Another chunky component of the ISEQ is DCC, which, as regular readers know, is a stock that I’m very fond of. Earlier today it issued H1 results that struck a reasonably downbeat tone, as expected, due to the warmer temperatures in the UK and Ireland in recent months. While DCC got a kicking today, declining 4.3% in Dublin, this reaction is unwarranted. Weather is clearly something that DCC has no control over, and had normal temperature levels manifested themselves, management would be rightly toasting a solid set of numbers. DCC is a conglomerate with 5 distinct businesses, and outside of Energy, where reported profits fell 38% for the reason outlined above, all 4 of its other divisions (Sercom +7%, Healthcare +1%, Environmental +12%, Food +11%) reported healthy profit growth, despite difficult economic conditions. Trading on less than 10x earnings, with a strong balance sheet and a proven record of generating consistently high returns, DCC looks like very good value here.

 

We also saw quite a bit of M&A activity involving Irish companies buying overseas businesses today. C&C acquired the #2 cider brand in the USA, Hornsby’s, in a deal worth up to €20m. Obviously this is a small deal, but at the same time it is one with huge potential. In addition to C&C being able to apply its resources in terms of a strong balance sheet and considerable experience in the UK and Ireland to this new US unit, Hornsby’s also offers a platform for C&C to cross-sell its Magners brand. From the C&C conference call it was revealed that Hornsby’s complements Magners in terms of price points, with Magners selling at the top end of the range – at $10.99 for a six pack versus $6.99-$7.99 for Hornsby’s, which tends to sell about $1 behind the market leader, Woodchuck.

 

Another Irish firm that announced a deal today was Donegal Creameries, which announced that it has bought a Scottish seed potato business. AJ Allan will grow Donegal’s potato output from 50,000 to 62,000 tonnes annually, and marks the ongoing re-positioning of the group following the recent sale of its liquid milk business.

 

For a perspective on how bad banks’ legacy loan books are in Ireland – Lloyds’ Irish portfolio is now 67% impaired.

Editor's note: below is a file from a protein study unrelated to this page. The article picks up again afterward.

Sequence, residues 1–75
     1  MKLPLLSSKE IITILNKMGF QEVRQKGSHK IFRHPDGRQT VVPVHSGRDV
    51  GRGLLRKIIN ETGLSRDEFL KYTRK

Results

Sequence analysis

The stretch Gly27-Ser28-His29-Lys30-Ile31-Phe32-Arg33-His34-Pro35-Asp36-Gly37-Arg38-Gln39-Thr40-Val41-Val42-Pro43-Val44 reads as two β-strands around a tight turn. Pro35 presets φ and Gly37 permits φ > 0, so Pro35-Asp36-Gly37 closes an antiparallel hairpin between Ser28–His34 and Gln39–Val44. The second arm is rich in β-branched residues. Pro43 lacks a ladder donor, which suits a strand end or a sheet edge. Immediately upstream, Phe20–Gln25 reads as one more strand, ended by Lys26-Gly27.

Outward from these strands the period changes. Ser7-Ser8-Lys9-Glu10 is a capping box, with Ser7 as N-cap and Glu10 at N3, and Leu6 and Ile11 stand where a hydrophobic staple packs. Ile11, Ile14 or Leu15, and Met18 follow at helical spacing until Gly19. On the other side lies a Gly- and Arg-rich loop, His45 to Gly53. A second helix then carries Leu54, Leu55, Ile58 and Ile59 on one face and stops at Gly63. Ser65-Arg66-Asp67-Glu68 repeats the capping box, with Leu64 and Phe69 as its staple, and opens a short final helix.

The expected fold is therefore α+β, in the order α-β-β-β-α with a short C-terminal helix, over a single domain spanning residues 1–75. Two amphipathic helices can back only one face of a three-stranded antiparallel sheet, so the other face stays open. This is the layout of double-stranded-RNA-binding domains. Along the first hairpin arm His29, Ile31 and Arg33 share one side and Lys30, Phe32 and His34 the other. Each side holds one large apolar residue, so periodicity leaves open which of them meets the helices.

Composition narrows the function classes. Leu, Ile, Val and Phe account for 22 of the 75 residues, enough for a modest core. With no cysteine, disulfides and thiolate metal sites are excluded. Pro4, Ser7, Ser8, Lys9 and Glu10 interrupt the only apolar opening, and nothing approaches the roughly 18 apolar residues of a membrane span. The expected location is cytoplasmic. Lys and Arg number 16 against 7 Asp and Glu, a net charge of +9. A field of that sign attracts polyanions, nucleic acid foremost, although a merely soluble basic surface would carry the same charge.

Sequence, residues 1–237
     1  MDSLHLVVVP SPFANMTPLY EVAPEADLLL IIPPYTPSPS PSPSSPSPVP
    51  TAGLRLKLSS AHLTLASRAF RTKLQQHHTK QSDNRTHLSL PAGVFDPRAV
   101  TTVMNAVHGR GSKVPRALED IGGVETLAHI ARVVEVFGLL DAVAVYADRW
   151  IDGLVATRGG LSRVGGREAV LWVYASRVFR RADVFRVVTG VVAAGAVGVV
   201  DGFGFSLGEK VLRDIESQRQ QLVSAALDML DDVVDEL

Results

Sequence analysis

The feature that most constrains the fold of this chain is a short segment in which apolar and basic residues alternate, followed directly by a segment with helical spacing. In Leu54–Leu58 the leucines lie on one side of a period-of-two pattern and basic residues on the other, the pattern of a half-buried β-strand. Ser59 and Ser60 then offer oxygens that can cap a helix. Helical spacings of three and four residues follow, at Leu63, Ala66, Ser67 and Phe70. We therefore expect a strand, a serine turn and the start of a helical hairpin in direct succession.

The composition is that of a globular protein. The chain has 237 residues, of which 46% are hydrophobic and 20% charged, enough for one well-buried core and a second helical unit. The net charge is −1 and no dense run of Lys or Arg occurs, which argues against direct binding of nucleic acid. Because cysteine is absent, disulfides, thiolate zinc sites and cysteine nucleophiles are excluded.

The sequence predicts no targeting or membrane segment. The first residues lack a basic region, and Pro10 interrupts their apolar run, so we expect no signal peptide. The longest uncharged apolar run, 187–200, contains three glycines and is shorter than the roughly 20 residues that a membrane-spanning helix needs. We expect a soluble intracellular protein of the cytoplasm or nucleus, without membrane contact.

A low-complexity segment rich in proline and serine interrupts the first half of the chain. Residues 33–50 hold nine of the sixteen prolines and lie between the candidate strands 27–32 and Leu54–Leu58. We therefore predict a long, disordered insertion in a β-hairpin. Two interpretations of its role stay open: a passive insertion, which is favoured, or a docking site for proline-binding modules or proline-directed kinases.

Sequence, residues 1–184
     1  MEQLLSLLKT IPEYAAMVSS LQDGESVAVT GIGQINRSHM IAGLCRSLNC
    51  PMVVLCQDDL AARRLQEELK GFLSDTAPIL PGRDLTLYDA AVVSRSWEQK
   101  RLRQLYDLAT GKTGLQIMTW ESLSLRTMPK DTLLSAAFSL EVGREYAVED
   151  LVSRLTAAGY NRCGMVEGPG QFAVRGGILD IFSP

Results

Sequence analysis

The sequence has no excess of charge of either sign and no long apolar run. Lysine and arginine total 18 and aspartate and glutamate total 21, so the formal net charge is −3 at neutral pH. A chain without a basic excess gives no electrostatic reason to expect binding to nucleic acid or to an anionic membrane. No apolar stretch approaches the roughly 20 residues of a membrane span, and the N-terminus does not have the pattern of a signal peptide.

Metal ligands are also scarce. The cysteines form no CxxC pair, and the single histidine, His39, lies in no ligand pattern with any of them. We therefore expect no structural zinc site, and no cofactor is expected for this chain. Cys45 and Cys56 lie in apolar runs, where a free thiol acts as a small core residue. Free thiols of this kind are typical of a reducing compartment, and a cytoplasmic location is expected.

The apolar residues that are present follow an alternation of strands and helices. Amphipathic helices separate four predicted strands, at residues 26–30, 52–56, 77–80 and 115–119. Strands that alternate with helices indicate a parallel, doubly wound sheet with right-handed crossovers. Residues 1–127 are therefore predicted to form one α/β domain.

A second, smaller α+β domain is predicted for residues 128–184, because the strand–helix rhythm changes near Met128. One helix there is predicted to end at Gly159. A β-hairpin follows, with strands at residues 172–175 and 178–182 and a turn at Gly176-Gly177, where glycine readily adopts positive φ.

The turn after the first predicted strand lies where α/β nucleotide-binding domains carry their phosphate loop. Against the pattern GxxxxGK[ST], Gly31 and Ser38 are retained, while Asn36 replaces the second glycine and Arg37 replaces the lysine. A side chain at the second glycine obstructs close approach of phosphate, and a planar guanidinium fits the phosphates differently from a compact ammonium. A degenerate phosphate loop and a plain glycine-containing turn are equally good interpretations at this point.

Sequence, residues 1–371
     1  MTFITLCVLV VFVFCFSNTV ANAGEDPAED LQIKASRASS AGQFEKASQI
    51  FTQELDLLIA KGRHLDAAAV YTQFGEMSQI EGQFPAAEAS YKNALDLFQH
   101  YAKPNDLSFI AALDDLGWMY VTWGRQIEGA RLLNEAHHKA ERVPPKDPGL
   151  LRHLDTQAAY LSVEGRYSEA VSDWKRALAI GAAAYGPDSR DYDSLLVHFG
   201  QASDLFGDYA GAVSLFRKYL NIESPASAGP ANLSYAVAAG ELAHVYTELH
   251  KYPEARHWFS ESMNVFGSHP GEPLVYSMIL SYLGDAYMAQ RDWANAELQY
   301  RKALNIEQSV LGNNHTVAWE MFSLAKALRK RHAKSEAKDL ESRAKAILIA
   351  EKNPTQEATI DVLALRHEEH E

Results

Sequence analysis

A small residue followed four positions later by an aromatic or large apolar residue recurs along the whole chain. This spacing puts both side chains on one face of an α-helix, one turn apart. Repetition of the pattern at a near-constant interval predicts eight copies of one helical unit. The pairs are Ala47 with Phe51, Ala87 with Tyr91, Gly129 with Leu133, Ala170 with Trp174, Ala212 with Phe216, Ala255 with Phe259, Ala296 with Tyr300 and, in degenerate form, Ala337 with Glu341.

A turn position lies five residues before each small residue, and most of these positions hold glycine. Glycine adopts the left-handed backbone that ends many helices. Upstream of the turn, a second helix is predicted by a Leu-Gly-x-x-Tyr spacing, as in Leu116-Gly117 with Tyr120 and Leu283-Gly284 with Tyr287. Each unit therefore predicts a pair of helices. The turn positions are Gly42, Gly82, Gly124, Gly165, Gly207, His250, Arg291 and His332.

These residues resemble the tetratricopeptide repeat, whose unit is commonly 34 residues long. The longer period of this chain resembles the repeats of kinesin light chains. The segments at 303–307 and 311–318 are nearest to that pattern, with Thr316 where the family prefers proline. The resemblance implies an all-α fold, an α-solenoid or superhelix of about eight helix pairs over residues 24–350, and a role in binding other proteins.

My marketing professor recommended that I look at Seth Godin’s blog. One of the first blogs that I read on it was this one – Six questions for analyzing a website – which is a great read. If you run your own site, check it out.

 

In terms of other inspired works – Leigh Drogen’s excellent A Message To My Generation is one of the best things I’ve read in a long time.

Written by Philip O'Sullivan

November 8, 2011 at 7:53 pm

Market Musings 7/10/11

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It’s been an extremely busy couple of days in terms of college work, so I’ve been reluctantly neglecting this blog. Hopefully this “catch-up” post will bring me up to speed with all the major newsflow! In this blog I focus on Ireland’s public finances, downgrades (both corporate and sovereign) and some interesting company pointers.

 

We saw the latest set of Exchequer Returns from the Department of Finance earlier this week, providing a snapshop of Ireland’s public finances to the end of Q3. At first glance, my initial reaction was: “Austerity? What austerity?” Total voted expenditure by the Irish government in the first 9 months of 2011 was €33.4bn versus €33.2bn in the same period last year. And no, this does not include the €10.7bn paid to recapitalise Irish financial institutions in the year to date. Ireland borrowed €20bn in the first 9 months of the year, which will cost a ballpark €1bn a year in interest payments annually, or roughly double the year-to-date spend on the Department of Jobs, Enterprise and Innovation. The longer we delay the necessary fiscal consolidation the more of our budget will be eaten up by interest payments at the expense of frontline services. Seamus Coffey offers some good insights on the Exchequer Returns here.

 

Staying with Ireland Inc, I was delighted to provide some insights to Portugal’s leading weekly newspaper, Expresso, on Ireland’s economy and the recent move in our bond yields. Speaking of the Irish economy, I note that Dolmen sees a pick up in our GDP growth rate (2011: 0.5%, 2012: 1.1%, 2013: 1.75%) over the medium term. To put our changed fortunes into context, if Dolmen’s growth estimates are correct, by 2013 our GDP will have ‘recovered’ to 2005 levels. They do make the point that ECB rate cuts will help the beleaguered consumer sector, an argument that met with some derision on some social media sites. However, I think that this derision is a little misplaced. Assuming there are 200k tracker mortgages in Ireland and 50bps of ECB easing next year, this will save households nearly €400m in a full year, which is not to be sniffed at, but obviously it’s only an incremental positive when compared to the size of the Irish economy.

 

We also saw a host of downgrades this week. Moody’s added to Mr. Berlusconi’s problems with a three-notch downgrade of Italy’s credit rating. I smiled at this reaction from IG Index’s David Jones. Moody’s shocked the markets earlier today by downgrading a further 21 banks across the UK and Portugal, which surely has investors wondering about who’s next for the chop.

 

(Disclaimer: I’m a shareholder in Smurfit Kappa Group plc). On the corporate side, we had a lot of broker activity in the packaging sector. Goodbody’s Donal O’Neill initiated coverage on DS Smith, arguing that its recent price decline creates “an excellent opportunity to buy one of the highest quality names in the sector”. Today his colleague David O’Brien took an axe to DS Smith peer Smurfit Kappa’s numbers, but he softened the blow for this SKG shareholder by noting that there is “a lot [of the negatives] already in the share price”. On this note, Davy offered some interesting valuation perspectives on SKG in its morning wrap yesterday.